What Coloradoboundboy describes is a world most desire and fantasize about when it comes to Colorado, but the reality and real life is much different. Few can make the long term sacrifices to survive in the mountains. Most last a season or two before reality bites, financially or otherwise. If it was that easy, everyone would be doing it. What CBB will have to do as most others, is compromise on all these dream desires and having been someone that has been there and done it, I think he overestimates his ability to make money in the Colorado Rockies outside of the major Denver Metro area. In addition to make the money to survive and have a good lifestyle you wont be kayaking/biking/skiing/camping all the time. Instead you'll be working 80 hours a week during ski season or the summer when the weather is good.

Not to say it isn't possible but it takes many years of sacrifice to make it in these towns and get ahead.
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Old 12-15-2010, 05:25 PM
 
8,089 posts, read 15,924,428 times
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Exactly right, wanneroo. Unfortunately, a whole lot of 20-somethings who post their little fantasies on this forum have yet get the thorough economic ass-kicking along the way that a lot of us who are a little older and who have lived in the Colorado economy for awhile have gotten to "enjoy" over the years. As I've posted before, Colorado in the 1990's and early 2000's enjoyed, mostly because of the real estate bubble, the most prosperous and expanding economy that it has seen in over a century. Those fun times are OVER, probably for good. Right now, a whole lot of current Coloradans are finding out that holding onto the dream of living in Colorado is getting pretty tenuous, if not impossible.

As an aside, I was in Denver a few days ago. Never in my life--over a half-century worth--have I seen so many homeless people wandering around downtown Denver. Many of them were panhandling to get enough money to get out of town to somewhere--anywhere. It's a very sobering and sad sight, which the local media seems intent on ignoring.
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Old 12-15-2010, 08:57 PM
 
916 posts, read 1,239,222 times
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There are past threads on most larger and medium Colorado cities and many of the towns on the site and usually they will address the availability of outdoor amenities at least briefly. Often they end up being your best resource here but maybe you can pull out more.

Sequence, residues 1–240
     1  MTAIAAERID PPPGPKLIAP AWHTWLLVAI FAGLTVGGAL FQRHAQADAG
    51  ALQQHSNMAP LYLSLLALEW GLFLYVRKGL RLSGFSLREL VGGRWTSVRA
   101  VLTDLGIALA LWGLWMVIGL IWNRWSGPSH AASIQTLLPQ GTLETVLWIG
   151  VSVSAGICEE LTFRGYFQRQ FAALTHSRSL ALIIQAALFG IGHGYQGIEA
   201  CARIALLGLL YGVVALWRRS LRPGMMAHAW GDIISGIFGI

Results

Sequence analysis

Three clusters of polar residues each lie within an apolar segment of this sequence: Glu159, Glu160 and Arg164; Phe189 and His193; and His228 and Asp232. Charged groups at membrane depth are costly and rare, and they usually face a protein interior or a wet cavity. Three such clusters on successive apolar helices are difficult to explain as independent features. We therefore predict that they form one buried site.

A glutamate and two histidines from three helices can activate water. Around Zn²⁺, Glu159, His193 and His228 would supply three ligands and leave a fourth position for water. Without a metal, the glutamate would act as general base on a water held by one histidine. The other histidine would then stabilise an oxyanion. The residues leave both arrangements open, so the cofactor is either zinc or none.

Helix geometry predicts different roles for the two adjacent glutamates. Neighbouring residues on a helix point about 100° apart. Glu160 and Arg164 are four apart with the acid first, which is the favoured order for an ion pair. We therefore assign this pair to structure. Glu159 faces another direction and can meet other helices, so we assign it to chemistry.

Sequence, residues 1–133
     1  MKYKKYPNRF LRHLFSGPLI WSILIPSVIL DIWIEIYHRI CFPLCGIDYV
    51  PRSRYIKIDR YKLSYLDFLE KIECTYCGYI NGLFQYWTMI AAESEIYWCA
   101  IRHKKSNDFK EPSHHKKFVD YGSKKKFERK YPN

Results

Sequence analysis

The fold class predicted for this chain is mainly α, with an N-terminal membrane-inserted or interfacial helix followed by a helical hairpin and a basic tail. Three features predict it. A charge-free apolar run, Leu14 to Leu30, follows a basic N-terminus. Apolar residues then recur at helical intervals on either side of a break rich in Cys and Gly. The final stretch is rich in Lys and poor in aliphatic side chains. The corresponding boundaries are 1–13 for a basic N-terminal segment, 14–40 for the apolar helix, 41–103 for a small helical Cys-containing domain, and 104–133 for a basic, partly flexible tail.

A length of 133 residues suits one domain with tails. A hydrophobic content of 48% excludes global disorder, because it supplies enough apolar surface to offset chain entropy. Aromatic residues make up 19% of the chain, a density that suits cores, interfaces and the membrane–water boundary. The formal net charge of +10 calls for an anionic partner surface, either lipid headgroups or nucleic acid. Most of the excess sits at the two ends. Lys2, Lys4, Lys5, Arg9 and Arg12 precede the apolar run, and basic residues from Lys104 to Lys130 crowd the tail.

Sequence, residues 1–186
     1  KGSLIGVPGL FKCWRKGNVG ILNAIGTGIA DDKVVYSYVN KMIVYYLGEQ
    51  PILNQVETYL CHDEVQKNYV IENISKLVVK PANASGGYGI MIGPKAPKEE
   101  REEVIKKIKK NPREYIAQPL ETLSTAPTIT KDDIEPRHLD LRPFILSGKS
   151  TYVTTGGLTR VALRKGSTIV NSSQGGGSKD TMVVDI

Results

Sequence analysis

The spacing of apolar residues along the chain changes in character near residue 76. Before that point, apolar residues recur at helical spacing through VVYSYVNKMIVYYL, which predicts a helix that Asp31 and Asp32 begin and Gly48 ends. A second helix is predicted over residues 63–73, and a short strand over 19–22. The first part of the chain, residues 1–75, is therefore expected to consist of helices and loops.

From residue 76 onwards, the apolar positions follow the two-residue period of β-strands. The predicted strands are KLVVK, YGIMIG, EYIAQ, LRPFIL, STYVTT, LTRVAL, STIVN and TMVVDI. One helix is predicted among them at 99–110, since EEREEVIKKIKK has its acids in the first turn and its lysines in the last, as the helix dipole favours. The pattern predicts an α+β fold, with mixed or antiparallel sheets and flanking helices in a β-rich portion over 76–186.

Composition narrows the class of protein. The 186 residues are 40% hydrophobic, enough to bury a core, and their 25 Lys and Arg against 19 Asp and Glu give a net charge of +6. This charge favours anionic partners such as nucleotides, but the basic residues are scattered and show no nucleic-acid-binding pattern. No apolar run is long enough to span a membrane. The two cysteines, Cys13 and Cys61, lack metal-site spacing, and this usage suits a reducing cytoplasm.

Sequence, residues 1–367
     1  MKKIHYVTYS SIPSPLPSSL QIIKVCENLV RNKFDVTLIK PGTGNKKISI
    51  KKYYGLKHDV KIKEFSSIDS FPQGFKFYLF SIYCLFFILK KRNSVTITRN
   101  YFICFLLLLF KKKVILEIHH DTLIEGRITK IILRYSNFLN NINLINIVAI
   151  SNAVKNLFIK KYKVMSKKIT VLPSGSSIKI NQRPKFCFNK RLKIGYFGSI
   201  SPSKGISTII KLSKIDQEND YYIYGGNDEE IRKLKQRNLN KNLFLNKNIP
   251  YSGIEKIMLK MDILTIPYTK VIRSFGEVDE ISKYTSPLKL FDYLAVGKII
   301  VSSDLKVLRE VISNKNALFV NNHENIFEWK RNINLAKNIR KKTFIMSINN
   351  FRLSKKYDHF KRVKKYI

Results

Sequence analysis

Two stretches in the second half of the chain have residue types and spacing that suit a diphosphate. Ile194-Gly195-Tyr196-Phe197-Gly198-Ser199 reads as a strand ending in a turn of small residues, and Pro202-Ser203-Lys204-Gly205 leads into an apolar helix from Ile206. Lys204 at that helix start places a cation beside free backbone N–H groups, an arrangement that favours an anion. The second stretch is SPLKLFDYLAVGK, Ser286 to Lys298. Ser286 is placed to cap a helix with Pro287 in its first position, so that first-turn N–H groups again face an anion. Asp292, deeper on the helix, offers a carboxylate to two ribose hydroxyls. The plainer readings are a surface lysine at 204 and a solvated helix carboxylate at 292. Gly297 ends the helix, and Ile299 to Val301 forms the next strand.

Size range of place that you prefer or will even consider is a clue you really need to give though for your best chance at new advice about specific places.

I don't know your size range for places but I'll throw out Canon City, Woodland Park, Durango and Glenwood Springs and see if you have any reaction to them. Maybe Montrose.

Last edited by NW Crow; 12-15-2010 at 09:19 PM..
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Old 12-15-2010, 11:43 PM
 
9,713 posts, read 12,279,030 times
Reputation: 7080
Quote:
Originally Posted by jazzlover View Post
Exactly right, wanneroo. Unfortunately, a whole lot of 20-somethings who post their little fantasies on this forum have yet get the thorough economic ass-kicking along the way that a lot of us who are a little older and who have lived in the Colorado economy for awhile have gotten to "enjoy" over the years. As I've posted before, Colorado in the 1990's and early 2000's enjoyed, mostly because of the real estate bubble, the most prosperous and expanding economy that it has seen in over a century. Those fun times are OVER, probably for good. Right now, a whole lot of current Coloradans are finding out that holding onto the dream of living in Colorado is getting pretty tenuous, if not impossible.

As an aside, I was in Denver a few days ago. Never in my life--over a half-century worth--have I seen so many homeless people wandering around downtown Denver. Many of them were panhandling to get enough money to get out of town to somewhere--anywhere. It's a very sobering and sad sight, which the local media seems intent on ignoring.
Well i think it is important to point out that it is not impossible, but it is difficult. I knew plenty of people that did all those activities all the time but they were also paycheck to paycheck or worse and some 10 years later are still living with roommates in an apartment. And most lasted a year or two before real world reality set in.

A large chunk of the job market is seasonal type work and since so many people aspire to live there, good full time jobs can take a while to obtain and the job market at that is very narrow. Add in a competitive business environment due to desirability and the small economies in these towns and it is difficult.

All depends what the OP is willing to accept. A lot of the larger towns like Canon City or Glenwood or Grand Junction are shirt tail relatives at best to "real" mountain towns and living in those places will require just as much as a drive to good mountain activities as it would take living in the Front Range Population Blob.

The only real towns with these types of activities 15 minutes away plus that have services and jobs, are ski towns. And one wont be living in a detached home with a yard for $1200 a month near any of those places. You gotta pay to play and there is no shortcut. If there was, everyone else would be doing it.

In regards to the mountain economy, especially that of the real estate business, in my opinion, it's done for 20 years. There will still be business and life in these places, just that there has been a major burst of development and redevelopment in the past 10 years and I think it's enough for the market for now. There are only so many people that can afford a multi million dollar property and Colorado is loaded with them, beyond what I think the market can bear.